Halloween is already upon us, but it’s never too late for spooky cute crafts! If you’d like something cute to hang up for Halloween – or just to keep the spooky vibes year round – keep reading for a Halloween cookie garland using clay & resin inspired by this Tastemade JP recipe.
- air dry clay (I used about 80-90g of a 149g pack of Hearty clay)
- UV resin
- purple, green, and orange resin dyes
- acrylic paint in yellow ochre, chocolate brown, + black
- Halloween + circle cookie cutters
- clay roller
- something to texture the clay with – e.g. old (clean!) toothbrush, tinfoil, etc.
- paintbrush or makeup sponge
- puffy paint or clay paste (for icing details)
- baker’s twine, embroidery thread, or ribbon
- eyepins (optional)
- nail art/resin findings (optional)
Please note that this project is highly adaptable based on the materials you have or can find! Other clays can be used instead, and you can substitute UV resin for epoxy resin, or even translucent glass paint. Also feel free to hand cut your cookies with an Xacto knife or something similar if you don’t have Halloween cookie cutters. If you’re new to resin crafts, you’ll find lots of resources and tips in my guide to Getting Started With Kawaii Resin Crafts.
Start by mixing the yellow ochre (or similar shade) paint with your air dry clay until you achieve a dough color, then roll it out to your desired thickness.
Use your cookie cutters to cut out the base cookie shapes.
Once you have your cookies cut out, texture them with your toothbrush or tin foil, then using a smaller cookie cutter, create the inside cut out. In my case, I was using a small pumpkin cutter, so I decided to keep the shapes and decorate those as cookies too! Create as many cookies as you’d like, and then set them aside to dry. (Tip: setting air dry clay projects on absorbent material like a dish cloth can shorten dry time.)
If you want black cookies, follow the same process by mixing your clay with black paint instead. I couldn’t achieve a true black with the clay brand I used, so I just mixed in the paint in increments until it couldn’t get any darker. (Oversaturating air dry clay with paint can make it too sticky, so be careful with this step.)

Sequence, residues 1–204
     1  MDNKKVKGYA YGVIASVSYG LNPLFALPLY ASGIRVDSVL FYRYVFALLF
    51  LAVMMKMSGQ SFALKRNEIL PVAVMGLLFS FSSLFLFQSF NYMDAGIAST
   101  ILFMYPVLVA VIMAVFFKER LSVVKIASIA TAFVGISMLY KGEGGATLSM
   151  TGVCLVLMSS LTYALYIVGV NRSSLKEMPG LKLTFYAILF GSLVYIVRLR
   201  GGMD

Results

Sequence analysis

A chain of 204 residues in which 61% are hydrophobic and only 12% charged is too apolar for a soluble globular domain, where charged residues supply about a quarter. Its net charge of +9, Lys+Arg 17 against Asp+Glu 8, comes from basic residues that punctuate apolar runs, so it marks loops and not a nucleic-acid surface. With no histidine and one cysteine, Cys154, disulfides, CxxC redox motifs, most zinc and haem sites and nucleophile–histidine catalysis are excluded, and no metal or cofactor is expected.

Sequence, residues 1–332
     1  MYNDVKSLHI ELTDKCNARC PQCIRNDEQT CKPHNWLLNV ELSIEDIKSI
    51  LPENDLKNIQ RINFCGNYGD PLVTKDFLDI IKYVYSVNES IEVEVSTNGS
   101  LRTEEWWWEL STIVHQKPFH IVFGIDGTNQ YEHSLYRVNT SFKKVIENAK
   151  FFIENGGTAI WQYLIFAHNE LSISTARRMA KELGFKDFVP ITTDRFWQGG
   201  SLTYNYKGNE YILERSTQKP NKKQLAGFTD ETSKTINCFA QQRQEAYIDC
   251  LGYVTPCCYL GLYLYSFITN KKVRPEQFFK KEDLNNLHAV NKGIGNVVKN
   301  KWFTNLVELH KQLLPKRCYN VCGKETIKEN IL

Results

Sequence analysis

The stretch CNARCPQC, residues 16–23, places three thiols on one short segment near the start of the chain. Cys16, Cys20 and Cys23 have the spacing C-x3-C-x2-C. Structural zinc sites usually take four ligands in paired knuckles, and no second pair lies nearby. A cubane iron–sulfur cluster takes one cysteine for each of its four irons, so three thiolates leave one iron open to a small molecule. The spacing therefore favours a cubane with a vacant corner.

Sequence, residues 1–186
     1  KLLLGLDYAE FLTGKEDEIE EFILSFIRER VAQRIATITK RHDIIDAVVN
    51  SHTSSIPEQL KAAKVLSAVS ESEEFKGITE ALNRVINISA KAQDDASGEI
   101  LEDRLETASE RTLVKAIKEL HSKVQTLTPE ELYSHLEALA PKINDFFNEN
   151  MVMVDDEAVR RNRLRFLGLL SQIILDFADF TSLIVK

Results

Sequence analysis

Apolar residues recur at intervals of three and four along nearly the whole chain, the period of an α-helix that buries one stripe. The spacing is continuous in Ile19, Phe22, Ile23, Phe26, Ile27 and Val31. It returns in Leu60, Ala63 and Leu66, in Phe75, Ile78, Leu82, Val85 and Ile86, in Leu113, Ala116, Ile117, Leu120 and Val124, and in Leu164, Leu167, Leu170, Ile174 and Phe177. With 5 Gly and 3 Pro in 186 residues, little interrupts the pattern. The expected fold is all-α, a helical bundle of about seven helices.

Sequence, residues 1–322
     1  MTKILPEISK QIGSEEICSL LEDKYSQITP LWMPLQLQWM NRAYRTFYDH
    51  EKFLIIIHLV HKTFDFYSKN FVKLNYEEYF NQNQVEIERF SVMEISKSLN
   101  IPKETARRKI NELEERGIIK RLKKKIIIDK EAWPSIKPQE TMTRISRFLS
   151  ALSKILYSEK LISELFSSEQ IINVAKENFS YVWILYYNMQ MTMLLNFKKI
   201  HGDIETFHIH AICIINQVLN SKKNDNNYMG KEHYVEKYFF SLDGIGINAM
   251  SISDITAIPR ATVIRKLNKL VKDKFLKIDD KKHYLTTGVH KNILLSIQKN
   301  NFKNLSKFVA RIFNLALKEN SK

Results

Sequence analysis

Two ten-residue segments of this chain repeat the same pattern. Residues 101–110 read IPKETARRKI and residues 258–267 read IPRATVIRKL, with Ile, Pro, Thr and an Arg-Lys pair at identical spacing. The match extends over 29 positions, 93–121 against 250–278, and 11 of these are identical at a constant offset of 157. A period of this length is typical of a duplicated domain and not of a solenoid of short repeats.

The next step is to shade to make them more realistic! You can use colored pastels, but I find a little paint mixed with water works best for shading air dry clay. To shade the first batch of cookies, I mixed some yellow ochre with a little bit of chocolate brown. And because the black cookies looked more like a dark gray, I added water to some black paint and dabbed it on until they looked closer to a true black. After you finish shading, set the cookies aside to dry for at least 6 to 8 hours.
Once the cookies are dry enough to be handled, you can work on making the ‘stained glass’ centers! Stick the cookies face up on tape—make sure it’s not too sticky—and fill in with your material of choice; I mixed UV resin with liquid resin dye on a scrap piece of wax paper, then carefully scraped it off the paper into the center of the cookie, then cured it with a UV lamp.
For the black cats, I added the resin in two steps; first step was a thin layer, then I cured, poured a second layer, added my fake sprinkles (nail art beads), then cured again. You could do the same for epoxy resin, and just let it cure for 24-48 hours, or use a thin layer of glass paint to achieve a similar look.
As long as your resin or glass paint is fully cured/dry, it’s time for the ‘icing’! You can use clay paste mixed with a little paint inside a DIY piping bag like I did, or use puffy paint. The method I used offers more control, but using puffy paint is a lot less work! Set everything aside to dry completely.
When they’re dry, you can insert the eyepins with a little glue, or glue a small loop of ribbon or twine on the back of the cookie to thread onto your garland; thread each cookie onto the twine, and tie a knot to secure the place on the twine so they don’t move around. Once you’re satisfied with the spacing and placement of each ornament, tie a knot to create a loop at each end of the garland, and you’re finished!
The faux stained-glass cookies are perfect to pair with string lights!
If you enjoyed this tutorial or make this project yourself, leave us a comment below and tag us on social media! You can also find more crafts to try in the SCK Original DIYs category.
This tutorial was created by Andi for Super Cute Kawaii and the images and instructions may not be reposted without credit and permission. Thank you for respecting the rights of artists and makers.
Andi lives in the countryside of Georgia in a house packed with kawaii decor and vintage toys, and enjoys the company of two squishy kitties named Thumper and Marie. When she’s not barricaded in her pink craft room creating something, she can be found reading, playing Animal Crossing games, or baking something to satisfy her massive sweet tooth.